Lewis brings Senate campaign to Greater MN
MARSHALL — Former U.S. Representative Jason Lewis has been back on the campaign trail since August, in a bid to unseat Sen. Tina Smith. And this month, the emphasis has been on Greater Minnesota.
“We think Greater Minnesota has sort of been the forgotten man and woman in politics in Minnesota, that no one has represented them. Whether it’s rural health care, but also energy, logging and mining,” Lewis said Wednesday, during a stop in Marshall. “For those people that think the only things that matter in statewide elections are Hennepin and Ramsey County, there’s 85 other counties that matter just as much to me. And we’re going to make certain they have a voice. And quite frankly, the numbers are such that, if you win that, you win the race.”
Lewis, a former radio talk show host and congressman representing Minnesota’s 2nd Congressional District, is running for U.S. Senate as a Republican candidate against Smith.
“I wanted to go where I could have the most impact in the quickest amount of time. We have a golden opportunity here — the best opportunity we’ve had in decades — to get a little balance back into the Senate, and Minnesota traditionally has had balance,” Lewis said. Now, Minnesota has two Democratic senators. “I think there’s a need there, but there’s also an opportunity to really move the needle towards, in my view, more freedom and more prosperity, more constitutional jurisprudence,” he said.
Last week, Lewis kicked off a campaign tour that has taken him through several northern and southern Minnesota cities so far. On Wednesday, he met with the Independent in Marshall, after a tour stop in Luverne, where he met with local health care providers. Lewis said the discussion in Luverne talked about both developments in rural health care, like telemedicine, and the need to keep rural health care services viable.
“Basically it’s reimbursement for the providers and clinics and doctors and nurses, to make it viable for them to keep their facilities in rural Minnesota. That’s going to be a key challenge going forward, to make certain we’ve got facilities that will meet the needs of rural Minnesotans. It’s very key that we not try to be penny wise and pound foolish, like ‘Medicare for all’ schemes that would drastically slash the viability of rural medicine and rural medical care,” Lewis said.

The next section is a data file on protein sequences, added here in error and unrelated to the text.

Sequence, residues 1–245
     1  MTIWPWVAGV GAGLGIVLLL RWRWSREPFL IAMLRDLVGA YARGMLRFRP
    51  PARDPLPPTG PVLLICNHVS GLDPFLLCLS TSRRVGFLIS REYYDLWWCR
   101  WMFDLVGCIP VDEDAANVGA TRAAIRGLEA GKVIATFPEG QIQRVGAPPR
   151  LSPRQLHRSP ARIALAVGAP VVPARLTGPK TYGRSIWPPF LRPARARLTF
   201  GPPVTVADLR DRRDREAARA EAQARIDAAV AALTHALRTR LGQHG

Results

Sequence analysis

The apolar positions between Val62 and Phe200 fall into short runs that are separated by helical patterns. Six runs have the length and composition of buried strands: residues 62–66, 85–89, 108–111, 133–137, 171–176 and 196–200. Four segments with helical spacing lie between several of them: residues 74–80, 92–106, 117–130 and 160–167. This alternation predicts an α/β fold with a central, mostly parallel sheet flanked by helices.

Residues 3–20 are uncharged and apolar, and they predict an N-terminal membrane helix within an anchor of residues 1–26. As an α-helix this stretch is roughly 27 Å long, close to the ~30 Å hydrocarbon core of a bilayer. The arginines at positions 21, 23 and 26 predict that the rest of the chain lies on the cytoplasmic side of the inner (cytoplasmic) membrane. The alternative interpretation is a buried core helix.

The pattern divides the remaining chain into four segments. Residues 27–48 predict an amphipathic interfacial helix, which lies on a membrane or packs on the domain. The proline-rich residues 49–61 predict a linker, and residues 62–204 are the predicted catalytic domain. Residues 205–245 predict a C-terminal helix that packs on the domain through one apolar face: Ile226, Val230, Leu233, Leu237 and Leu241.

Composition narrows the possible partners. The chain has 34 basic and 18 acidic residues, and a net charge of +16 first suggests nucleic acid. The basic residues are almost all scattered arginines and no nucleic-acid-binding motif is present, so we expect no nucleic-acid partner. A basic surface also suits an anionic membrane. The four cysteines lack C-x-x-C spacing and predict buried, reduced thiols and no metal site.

“The bottom line is, you’ve got to make certain people can buy the plan they want, and get the medicine they want, with the doctor and provider they want. So that means cleaning up the system a little bit,” he said.
Lewis said he also supported industry and international trade — two subjects crucial to the survival of Greater Minnesota communities. In the northern part of the state, that meant supporting mining and logging, and the Enbridge oil pipeline replacement project.
“If you take a look at copper-nickel (mining), Twin Metals and PolyMet on the (Iron) Range, you take a look at Enbridge Line 3, and fixing some things with regard to logging, especially renewable fuel for forest biomass, you’re looking at 10,000-15,000 jobs on the Range. That is a huge economic impact, $5.9 billion in total,” Lewis said. However, he said those projects weren’t getting support from Democrats like Smith and Sen. Elizabeth Warren.
Lewis said trade deals like the U.S.-Mexico-Canada Agreement, and agreements with China and Japan, were all “absolutely vital” to agriculture in Minnesota.
“Getting USMCA done, which we almost had done in my last year in Congress, but has been sitting on the sideline for a year now because Nancy Pelosi wouldn’t get it out — that was a big victory. Trade with Mexico and Canada, and especially opening up those dairy markets in Canada,” he said.
Lewis made some headlines during a campaign stop in Bemidji last week when he spoke out in support of Beltrami County’s decision not to accept refugees. On Wednesday, he said he stood by his remarks. He said there are costs that go with refugee resettlement, whether direct costs like SNAP benefits or public housing, or indirect costs to the education and corrections systems, that local governments should have a voice in.
“Minnesota has 2% of the (U.S.) population, and we have 13% of the nation’s refugees. There does become a critical mass in this, that sometimes communities can’t handle it. Refugees are not like illegal immigrants. They’re vetted. They’re legal. They aren’t even like people seeking asylum. They’ve already been approved by the State Department. But the problem is there’s a moral hazard writ large in this when you pay the refugee resettlement organizations,” Lewis said. “When you pay them a stipend to resettle, and the sooner they can get those folks on public assistance the less it costs them, you have induced an incentive that doesn’t always work for the benefit of the community.”
Beyond that, Lewis said, he believed in local control.
“You have the very same people who think local municipalities ought to control the sanctuary city movement, but don’t want local control over whether people ought to accept refugees? I can’t have one without the other,” he said. “I absolutely reserve the right for local government to engage in self-government, so people can live under the laws they choose.”